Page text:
740.00/115: Telegram (part air)

The Minister in Switzerland ( Wilson ) to the Secretary of State

17. In a conversation today Motta34 stated that the last few months had shown in Europe a considerable diminution of danger of war. Danger still existed but there were numerous signs that the situation was less menacing than during the late summer and early autumn.

The Spanish affair, Motta said, seems much less provocative of international complication than formerly. Opinion is growing that the Spaniards themselves will settle this matter and that whichever way they settle it Europe will have to acquiesce.

Everybody knows, Motta added, that France and England are pacific-minded countries. Since the Ethiopian adventure35 Italy has joined the camp of the “haves” as opposed to the “have nots”. As to Russia, while he does not pretend to understand the real springs of its policy, nevertheless reports are persistent of increase of nationalistic local sentiment especially in the Ukraine. The struggle between Left and Right Communism as well is giving the Government preoccupation. Under the circumstances it is difficult to believe that the Soviet Government would risk a war. Therefore it should be classed also as a pacific power. There remains only Germany. The only conceivable war which Germany would wage would be an attack through Czechoslovakia on the Ukraine but an analysis of the situation seems to show that the consequences would be so bitter for Germany that it would not risk it.

Hitler’s speech on Saturday,36 Motta added, had at least a pacific tone and compared favorably in that respect with his former utterances. There was, however, no indication that Germany was ripe for a general discussion and Motta believed the time was not yet opportune for attempting to bring such discussion about. Motta felt that after a further passage of time the leaders in Germany might be in a state of mind to enter general negotiations.

I was struck with Motta’s views as contained in the foregoing paragraph, particularly since the press both from France and England as well as from America bring suggestions that Hitler’s speech might offer an opportunity for entering upon general discussion. I was impressed with Mr. Dodd’s number 11, January 12, 8 p.m.,37 to you from Berlin, but neither in that picture nor in Hitler’s speech do I [Page 39] find evidence that the leaders of Germany are inclined to appraise economic considerations and international cooperation at the same value as the rest of the world. Although Schacht and the German Foreign Office unquestionably recognize such value, when the final word is spoken by the party leaders it is clear that the latter are still swayed primarily by needs of internal autarchy and by political considerations.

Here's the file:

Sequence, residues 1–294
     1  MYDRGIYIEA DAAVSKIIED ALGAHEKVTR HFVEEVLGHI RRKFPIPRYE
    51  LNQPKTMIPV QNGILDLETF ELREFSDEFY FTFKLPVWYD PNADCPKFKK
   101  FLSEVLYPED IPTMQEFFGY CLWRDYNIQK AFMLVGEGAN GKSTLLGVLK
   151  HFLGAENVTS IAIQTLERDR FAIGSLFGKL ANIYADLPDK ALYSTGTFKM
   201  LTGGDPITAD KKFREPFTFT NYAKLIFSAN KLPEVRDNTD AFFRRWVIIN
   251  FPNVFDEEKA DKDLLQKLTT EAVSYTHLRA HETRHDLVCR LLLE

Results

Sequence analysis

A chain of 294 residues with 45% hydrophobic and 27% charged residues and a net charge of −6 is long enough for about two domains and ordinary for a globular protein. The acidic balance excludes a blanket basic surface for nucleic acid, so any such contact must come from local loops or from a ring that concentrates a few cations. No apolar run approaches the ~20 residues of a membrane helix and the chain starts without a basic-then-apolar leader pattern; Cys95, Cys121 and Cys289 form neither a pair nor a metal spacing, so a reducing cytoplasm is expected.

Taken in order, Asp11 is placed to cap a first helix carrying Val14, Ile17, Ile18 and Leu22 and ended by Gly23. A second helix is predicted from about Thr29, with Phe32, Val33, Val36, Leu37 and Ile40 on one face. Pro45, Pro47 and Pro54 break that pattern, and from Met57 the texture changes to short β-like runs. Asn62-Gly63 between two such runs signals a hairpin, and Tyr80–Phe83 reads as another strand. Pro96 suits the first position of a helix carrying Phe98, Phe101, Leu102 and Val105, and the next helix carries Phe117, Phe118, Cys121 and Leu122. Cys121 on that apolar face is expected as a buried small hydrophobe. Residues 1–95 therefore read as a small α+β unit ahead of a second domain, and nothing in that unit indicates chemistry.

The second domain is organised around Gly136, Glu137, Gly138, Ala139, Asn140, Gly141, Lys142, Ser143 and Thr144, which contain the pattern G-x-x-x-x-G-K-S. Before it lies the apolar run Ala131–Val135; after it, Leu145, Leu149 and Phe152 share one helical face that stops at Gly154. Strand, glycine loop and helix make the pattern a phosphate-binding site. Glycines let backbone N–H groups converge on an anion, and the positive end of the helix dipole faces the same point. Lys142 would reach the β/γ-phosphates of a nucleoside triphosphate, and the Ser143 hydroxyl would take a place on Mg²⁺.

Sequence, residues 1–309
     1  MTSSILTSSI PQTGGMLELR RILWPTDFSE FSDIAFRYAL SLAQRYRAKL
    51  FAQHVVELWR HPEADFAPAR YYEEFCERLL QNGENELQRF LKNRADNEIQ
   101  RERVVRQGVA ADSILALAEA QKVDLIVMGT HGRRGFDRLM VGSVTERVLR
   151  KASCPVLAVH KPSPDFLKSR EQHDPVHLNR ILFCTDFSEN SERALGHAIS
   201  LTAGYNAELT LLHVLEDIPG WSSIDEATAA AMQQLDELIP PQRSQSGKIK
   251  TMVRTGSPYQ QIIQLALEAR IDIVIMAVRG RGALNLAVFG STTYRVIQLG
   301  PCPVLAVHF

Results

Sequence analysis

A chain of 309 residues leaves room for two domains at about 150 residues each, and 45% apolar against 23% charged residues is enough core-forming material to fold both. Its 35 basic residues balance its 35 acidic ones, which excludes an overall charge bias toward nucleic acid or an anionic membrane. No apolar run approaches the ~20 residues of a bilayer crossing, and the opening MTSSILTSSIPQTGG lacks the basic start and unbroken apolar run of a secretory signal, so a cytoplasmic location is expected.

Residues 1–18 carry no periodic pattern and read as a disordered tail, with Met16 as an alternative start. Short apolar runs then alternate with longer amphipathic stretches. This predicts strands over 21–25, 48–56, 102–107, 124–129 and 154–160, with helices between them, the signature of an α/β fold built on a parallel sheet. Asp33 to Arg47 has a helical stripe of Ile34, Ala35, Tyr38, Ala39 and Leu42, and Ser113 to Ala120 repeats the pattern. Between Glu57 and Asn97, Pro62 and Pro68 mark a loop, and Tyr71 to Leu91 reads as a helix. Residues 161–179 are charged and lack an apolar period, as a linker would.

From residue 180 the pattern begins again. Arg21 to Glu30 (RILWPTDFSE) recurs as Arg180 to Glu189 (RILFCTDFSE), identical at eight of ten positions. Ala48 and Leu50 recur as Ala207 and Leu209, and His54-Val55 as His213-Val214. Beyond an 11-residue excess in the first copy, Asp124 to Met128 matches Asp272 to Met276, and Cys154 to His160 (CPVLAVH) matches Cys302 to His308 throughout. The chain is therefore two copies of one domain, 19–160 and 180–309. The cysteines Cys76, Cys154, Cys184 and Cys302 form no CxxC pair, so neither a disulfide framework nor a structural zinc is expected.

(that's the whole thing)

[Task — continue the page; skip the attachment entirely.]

I hope that the analysis of British policy in my number 378, January 25, 3 p.m., from Geneva, is correct because I believe that that policy would be sound in respect to Germany. A comparison of Hitler’s speech Saturday with his previous utterances shows, I think, a slow evolution in favor of better understanding with his neighbors. This may eventually make possible a meeting point although I do not believe that the meeting point is yet reached whether in respect to limitation of armaments, economic cooperation, or colonial aspirations. I pass over the so-called “political considerations” inasmuch as the leading article in the London Times of January 29 would seem to show, if it really represents British policy, that those considerations need not be overwhelming and that in the peaceful settlement foreseen by Great Britain the Franco-Russian pact and the Czecho-Russian pact will be superfluous.

Thus I hope that the British and French spokesmen will note favorably the moderation of Hitler’s tone, that they will continue to hold out the prospect of a peaceful settlement and that they will show any sympathy they can for the German point of view. In this way the evolution of Hitler’s thought may continue to such a point that he will recognize the advantages of European collaboration and himself make the offer which can initiate general discussion with real hope of success.

Cipher to Paris, Rome, Berlin, London.

  1. Giuseppe Motta, President of the Swiss Confederation and Minister for Foreign Affairs.
  2. See Foreign Relations, 1936, vol. iii, pp. 34 ff.
  3. January 30.
  4. Not printed.